Bothell Youth Court ready to launch

  • Written by Woodinville Weekly Staff

In partnership with the University of Washington Bothell (UWB), the City of Bothell will launch the Bothell Youth Court on Monday, Jan. 28, in the North Creek Events Center at UWB, 18115 Campus Way NE, Bothell.

Meeting once a month, Bothell Youth Court is presided over by a youth judge, witnessed by an all-youth jury, and cases are presented by youth attorneys.

An adult mentor is present and, at this time, only traffic infractions can appear in the court.

Defendants can only be first-time offenders, and by coming to the court they are admitting that they did commit the infraction.

However, the Bothell Youth Court provides the opportunity to explain the circumstances to a jury of peers and have the infraction dropped from their record.

Youth courts have shown to have a positive impact on recidivism in minor offenses, and they enable more direct and positive interactions between court officials and teens than a more traditional punitive model.

The structure, focused on restorative justice and peer participation, facilitates learning, accountability and community involvement among all the participants.

Youth courts also reduce the costs and administrative burdens on courts.

This was a high priority to Bothell Municipal Court Judge Michelle Gehlsen.  Gehlsen was appointed to the Bothell Municipal Court in 2010 and was immediately troubled with the little time she had with youth traffic violators during heavy adult dockets.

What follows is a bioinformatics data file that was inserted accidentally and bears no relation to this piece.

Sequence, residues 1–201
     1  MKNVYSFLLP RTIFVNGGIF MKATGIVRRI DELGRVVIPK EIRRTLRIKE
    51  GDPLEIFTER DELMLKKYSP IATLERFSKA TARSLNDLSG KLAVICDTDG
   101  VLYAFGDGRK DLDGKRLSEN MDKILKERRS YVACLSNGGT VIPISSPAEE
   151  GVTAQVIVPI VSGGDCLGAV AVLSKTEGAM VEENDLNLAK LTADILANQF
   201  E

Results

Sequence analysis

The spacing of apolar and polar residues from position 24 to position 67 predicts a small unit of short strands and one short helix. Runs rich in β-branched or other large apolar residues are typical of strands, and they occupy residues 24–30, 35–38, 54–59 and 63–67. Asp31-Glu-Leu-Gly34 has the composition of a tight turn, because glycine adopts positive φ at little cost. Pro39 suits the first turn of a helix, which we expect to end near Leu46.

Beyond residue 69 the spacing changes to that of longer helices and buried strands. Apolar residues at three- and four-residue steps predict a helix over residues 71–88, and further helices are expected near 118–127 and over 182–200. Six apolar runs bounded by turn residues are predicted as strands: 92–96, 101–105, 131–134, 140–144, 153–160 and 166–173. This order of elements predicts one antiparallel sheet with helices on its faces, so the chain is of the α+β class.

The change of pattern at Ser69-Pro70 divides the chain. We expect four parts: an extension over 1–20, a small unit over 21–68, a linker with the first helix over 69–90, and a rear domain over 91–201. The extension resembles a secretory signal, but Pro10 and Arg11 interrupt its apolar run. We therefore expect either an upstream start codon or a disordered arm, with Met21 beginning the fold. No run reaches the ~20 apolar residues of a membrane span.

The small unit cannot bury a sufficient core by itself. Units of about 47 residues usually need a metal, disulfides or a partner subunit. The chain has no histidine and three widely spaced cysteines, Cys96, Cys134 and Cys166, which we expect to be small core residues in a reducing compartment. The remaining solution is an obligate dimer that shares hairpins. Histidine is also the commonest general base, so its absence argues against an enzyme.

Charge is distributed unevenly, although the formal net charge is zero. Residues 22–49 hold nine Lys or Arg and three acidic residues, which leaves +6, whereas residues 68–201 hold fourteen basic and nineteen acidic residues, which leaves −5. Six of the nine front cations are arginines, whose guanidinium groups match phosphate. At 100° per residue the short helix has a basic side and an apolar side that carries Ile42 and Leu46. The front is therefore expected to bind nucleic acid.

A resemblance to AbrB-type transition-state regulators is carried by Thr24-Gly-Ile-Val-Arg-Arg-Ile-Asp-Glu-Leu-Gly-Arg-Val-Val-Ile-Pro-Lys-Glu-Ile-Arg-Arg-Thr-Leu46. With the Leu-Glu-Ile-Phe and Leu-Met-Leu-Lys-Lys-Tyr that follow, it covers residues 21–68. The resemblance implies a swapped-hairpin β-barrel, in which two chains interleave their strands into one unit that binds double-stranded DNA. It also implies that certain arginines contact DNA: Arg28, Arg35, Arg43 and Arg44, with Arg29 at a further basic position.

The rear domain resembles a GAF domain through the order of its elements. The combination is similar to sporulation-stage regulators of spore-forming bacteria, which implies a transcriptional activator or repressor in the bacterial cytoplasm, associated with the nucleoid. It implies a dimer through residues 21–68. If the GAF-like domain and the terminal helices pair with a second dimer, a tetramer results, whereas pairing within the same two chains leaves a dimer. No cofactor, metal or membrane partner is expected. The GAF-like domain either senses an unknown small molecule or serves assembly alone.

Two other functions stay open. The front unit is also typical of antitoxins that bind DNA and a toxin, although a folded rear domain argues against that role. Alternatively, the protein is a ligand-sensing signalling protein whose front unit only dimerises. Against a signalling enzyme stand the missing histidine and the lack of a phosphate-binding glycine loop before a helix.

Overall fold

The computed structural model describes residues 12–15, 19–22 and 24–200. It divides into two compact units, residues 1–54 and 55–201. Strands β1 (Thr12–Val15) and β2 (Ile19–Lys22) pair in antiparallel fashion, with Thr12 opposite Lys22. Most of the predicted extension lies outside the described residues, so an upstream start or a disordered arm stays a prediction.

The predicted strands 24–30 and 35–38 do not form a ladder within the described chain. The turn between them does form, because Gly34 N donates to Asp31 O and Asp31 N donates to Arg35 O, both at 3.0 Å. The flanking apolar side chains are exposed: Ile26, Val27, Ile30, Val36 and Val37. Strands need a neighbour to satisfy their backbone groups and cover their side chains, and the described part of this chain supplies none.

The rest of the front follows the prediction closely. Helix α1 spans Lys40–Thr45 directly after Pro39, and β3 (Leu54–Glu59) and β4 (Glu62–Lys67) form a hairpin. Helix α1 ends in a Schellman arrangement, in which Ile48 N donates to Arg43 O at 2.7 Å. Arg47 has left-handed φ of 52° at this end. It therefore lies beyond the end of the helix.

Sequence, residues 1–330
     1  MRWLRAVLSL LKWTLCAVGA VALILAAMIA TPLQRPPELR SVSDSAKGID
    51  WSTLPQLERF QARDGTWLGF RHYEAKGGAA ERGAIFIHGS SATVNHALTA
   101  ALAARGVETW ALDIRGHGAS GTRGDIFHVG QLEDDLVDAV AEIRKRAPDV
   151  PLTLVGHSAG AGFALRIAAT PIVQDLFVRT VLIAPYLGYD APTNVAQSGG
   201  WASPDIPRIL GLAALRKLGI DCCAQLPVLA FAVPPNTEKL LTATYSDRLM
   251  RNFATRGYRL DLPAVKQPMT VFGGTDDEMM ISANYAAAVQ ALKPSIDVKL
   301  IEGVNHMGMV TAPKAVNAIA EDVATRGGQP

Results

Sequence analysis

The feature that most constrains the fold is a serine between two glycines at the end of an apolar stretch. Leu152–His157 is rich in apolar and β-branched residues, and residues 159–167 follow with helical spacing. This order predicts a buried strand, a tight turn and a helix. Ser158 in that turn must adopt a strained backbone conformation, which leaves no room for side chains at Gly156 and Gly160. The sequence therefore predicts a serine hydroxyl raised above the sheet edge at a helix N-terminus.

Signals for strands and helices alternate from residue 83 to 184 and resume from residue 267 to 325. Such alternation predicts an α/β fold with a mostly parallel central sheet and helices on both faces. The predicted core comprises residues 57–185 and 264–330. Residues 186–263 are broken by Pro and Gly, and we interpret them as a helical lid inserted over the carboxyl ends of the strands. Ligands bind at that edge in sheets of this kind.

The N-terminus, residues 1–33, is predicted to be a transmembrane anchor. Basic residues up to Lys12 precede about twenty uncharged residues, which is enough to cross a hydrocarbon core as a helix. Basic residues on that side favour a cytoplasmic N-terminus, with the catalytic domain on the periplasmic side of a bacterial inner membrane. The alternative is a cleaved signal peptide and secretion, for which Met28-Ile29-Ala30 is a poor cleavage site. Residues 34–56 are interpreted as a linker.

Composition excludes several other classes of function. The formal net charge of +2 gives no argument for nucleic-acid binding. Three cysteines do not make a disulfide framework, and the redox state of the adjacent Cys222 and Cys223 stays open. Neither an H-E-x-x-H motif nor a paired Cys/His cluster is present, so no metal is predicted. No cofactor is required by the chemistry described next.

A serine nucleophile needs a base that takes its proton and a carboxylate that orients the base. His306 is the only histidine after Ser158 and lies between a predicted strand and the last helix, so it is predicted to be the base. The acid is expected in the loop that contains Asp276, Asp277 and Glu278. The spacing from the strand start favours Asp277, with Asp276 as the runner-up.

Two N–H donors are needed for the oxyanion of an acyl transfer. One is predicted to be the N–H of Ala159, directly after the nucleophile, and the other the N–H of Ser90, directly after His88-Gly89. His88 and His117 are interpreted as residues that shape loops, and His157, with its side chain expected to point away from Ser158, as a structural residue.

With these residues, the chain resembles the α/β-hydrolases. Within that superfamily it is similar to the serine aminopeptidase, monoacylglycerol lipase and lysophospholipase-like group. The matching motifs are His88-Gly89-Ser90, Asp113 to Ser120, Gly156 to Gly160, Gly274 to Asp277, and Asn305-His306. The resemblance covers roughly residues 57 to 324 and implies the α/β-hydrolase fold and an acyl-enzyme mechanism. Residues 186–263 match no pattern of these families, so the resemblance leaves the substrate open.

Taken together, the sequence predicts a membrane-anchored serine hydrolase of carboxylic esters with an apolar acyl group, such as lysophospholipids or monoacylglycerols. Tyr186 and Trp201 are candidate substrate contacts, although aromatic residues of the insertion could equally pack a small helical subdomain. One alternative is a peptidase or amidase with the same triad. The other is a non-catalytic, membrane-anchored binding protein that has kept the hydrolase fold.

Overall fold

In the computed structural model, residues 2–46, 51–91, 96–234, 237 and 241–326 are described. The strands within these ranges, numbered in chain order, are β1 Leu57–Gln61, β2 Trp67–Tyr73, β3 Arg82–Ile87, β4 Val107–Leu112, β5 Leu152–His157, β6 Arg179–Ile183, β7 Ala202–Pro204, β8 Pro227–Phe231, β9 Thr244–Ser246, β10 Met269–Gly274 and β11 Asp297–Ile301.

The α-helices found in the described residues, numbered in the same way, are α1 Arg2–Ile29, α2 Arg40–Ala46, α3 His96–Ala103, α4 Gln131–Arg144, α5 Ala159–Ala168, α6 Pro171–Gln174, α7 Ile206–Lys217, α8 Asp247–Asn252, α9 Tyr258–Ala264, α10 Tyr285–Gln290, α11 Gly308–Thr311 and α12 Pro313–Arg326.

Because traffic accidents are the number one killer of our youth, Gehlsen wanted time to discuss with them the repercussions of their dangerous behavior and ways to change it. Bothell Youth Court provides this opportunity.

After finding the solution of a youth court, Gehlsen partnered with University Washington Bothell, through the efforts of Professor Walsh and her students and Bothell High School students to create the BYC.

The court also fosters community interests in safety, efficiency and civic engagement. It is run by volunteers and is of no cost to the city, and most importantly, it will save lives by educating teens about the dangers of driving.

Share this post

Submit to FacebookSubmit to Google PlusSubmit to Twitter